"Really, Sierra Club? You send a letter asking to help save honeybees with a photo of a syrphid fly on the envelope?" (She also pointed out that "honey bee" is two words, not one.)
That drew all kinds of comments:
- Save the syrphids!!!
- Is there a syrphid that mimics a honey bee? Maybe they fell for it.
- That is so terrible it's almost wonderful.
- Personally, I'm wondering who the heck is taking all of the pictures of syrphids!! Aren't bees a lot more common?
- I may have to use this in my next lecture about mimicry and how successful it can be, even against visual-based predators.
- May and I were close friends in high school and, I'm pretty sure that she is the smartest person I've ever met.
- Well, Eristalis tenax is just such a great mimic, I am proud of that species!
- I see images of bumble bees with "Save the Honeybee" on stickers. Kind of like "Save the Cow" with a picture of a bison, or worse. How to offer professional advice/fact checking for articles/media? Would love to do it!
- That's funny and sad at the same time!
- There are so many syrphid photos that have been used as bees, I begin to wonder if most people really don't know what bees look like!
But my favorite:
So we were sitting at the dinner table and a friend said "If only someone was running for president who was worth voting for."
Without missing a beat, my daughter said "What about May Berenbaum?"
You've now been duly nominated.
What do you think?
Okay then, "What are the three primary conditions that define eusociality?"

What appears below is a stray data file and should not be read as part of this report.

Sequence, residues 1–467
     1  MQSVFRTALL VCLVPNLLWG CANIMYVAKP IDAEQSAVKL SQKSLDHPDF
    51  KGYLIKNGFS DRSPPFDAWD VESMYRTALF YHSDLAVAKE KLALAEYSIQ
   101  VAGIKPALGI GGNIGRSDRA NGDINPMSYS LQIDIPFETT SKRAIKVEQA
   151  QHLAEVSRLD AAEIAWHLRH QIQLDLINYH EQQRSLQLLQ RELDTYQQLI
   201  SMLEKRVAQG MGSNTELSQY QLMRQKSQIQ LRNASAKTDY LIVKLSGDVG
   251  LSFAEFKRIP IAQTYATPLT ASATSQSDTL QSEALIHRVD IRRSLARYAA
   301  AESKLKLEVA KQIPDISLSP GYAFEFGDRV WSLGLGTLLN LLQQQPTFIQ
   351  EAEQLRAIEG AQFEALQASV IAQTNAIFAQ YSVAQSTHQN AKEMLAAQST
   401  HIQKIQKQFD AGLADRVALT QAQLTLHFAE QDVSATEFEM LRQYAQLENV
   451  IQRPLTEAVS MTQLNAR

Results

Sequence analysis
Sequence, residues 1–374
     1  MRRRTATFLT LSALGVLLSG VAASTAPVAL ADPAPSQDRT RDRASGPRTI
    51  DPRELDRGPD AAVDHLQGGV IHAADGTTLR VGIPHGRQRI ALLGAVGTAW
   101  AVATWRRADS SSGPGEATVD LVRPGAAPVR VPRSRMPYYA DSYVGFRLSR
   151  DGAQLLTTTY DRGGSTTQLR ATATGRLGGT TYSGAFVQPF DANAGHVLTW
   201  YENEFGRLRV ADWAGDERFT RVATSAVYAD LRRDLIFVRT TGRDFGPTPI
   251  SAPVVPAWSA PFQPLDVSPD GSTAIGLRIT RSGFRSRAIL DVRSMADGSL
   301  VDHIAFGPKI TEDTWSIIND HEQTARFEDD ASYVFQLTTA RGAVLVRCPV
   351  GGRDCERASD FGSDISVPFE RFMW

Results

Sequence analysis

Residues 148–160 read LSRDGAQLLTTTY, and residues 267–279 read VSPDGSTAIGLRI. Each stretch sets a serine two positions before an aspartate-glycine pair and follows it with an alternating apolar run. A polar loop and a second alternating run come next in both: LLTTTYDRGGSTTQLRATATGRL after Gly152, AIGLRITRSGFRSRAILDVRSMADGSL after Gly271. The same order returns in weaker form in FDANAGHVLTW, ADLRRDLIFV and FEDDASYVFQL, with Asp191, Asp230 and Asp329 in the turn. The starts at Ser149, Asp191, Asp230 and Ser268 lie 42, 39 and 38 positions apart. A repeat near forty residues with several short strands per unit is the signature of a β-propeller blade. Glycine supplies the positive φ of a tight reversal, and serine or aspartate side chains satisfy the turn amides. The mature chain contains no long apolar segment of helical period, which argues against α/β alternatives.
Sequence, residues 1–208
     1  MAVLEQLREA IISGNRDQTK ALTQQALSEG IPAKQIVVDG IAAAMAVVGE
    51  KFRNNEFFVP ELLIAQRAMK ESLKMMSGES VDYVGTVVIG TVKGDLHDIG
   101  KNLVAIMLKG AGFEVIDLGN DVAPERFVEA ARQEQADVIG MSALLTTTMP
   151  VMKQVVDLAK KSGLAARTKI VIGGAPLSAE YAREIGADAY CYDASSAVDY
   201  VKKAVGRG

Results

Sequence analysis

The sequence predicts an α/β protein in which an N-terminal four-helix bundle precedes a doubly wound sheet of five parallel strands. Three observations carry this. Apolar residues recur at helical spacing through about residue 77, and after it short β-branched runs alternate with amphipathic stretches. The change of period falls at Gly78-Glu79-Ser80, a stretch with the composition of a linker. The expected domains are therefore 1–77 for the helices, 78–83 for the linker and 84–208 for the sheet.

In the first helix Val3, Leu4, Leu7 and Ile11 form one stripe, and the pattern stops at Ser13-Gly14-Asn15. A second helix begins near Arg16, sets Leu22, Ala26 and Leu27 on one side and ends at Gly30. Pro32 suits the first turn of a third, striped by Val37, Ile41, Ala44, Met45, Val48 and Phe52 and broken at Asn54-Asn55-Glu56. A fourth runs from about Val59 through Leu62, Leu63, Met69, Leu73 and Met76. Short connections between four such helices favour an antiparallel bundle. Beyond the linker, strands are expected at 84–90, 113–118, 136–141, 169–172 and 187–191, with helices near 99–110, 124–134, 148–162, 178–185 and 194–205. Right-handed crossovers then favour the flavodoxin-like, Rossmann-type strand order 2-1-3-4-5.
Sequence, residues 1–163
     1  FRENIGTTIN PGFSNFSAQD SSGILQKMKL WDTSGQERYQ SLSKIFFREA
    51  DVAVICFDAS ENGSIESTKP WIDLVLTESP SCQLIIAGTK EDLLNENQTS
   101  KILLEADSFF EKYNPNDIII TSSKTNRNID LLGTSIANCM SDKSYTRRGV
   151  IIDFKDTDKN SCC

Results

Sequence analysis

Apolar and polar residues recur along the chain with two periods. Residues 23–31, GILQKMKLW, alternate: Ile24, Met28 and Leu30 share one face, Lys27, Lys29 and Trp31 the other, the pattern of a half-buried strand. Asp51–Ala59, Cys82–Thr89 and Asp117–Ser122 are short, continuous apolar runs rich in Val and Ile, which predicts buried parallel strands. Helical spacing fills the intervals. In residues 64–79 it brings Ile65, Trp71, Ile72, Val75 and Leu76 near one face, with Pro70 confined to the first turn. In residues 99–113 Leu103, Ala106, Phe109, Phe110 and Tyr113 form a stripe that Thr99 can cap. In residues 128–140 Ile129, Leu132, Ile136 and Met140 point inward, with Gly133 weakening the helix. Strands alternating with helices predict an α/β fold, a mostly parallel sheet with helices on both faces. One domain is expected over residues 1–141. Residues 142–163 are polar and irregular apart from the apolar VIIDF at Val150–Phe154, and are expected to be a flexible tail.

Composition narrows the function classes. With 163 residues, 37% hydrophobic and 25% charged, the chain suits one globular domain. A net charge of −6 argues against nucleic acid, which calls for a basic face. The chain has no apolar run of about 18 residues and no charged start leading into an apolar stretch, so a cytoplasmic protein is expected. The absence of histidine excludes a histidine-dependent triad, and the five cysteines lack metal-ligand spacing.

Or how about "Nicrophorus americanus is listed under what legislative act?”
Those are just three of the questions that the UC Davis Linnaean Games Team correctly answered to win the national championship at the Entomological Society of America's annual Linnaean Games competition, held recently in Minneapolis. UC Davis defeated the University of Florida 130 to 70.
The Linnaean Games is a college-bowl type competition in which teams answer questions about insects and entomologists. The teams hold practice sessions throughout the year. So much to know, and you never know what questions will be asked! And then you have to pounce on the buzzer quickly to beat the other team to the answer!
The UC Davis team is comprised of captain Ralph Washington Jr., and members Jessica Gillung, Brendon Boudinot and Ziad Khouri. All are graduate students in the UC Davis Department of Entomology and Nematology. They earlier won the Linnaean Games competition at the regional level: the Pacific Branch of ESA.
This is the first year in ESA's 32-year history that UC Davis has won the championship.
Washington is studying for his doctorate with major professors Steve Nadler and Brian Johnson, who respectively specialize in systematics and evolutionary biology of nematodes and the evolution, behavior, genetics, and health of honeybees; Boudinot with major professor Phil Ward, systematics and evolutionary biology of ants; and Jessica Gillung and Ziad Khouri with major professor Lynn Kimsey, who specializes in the biology and evolution of insects. Kimsey directs the Bohart Museum of Entomology.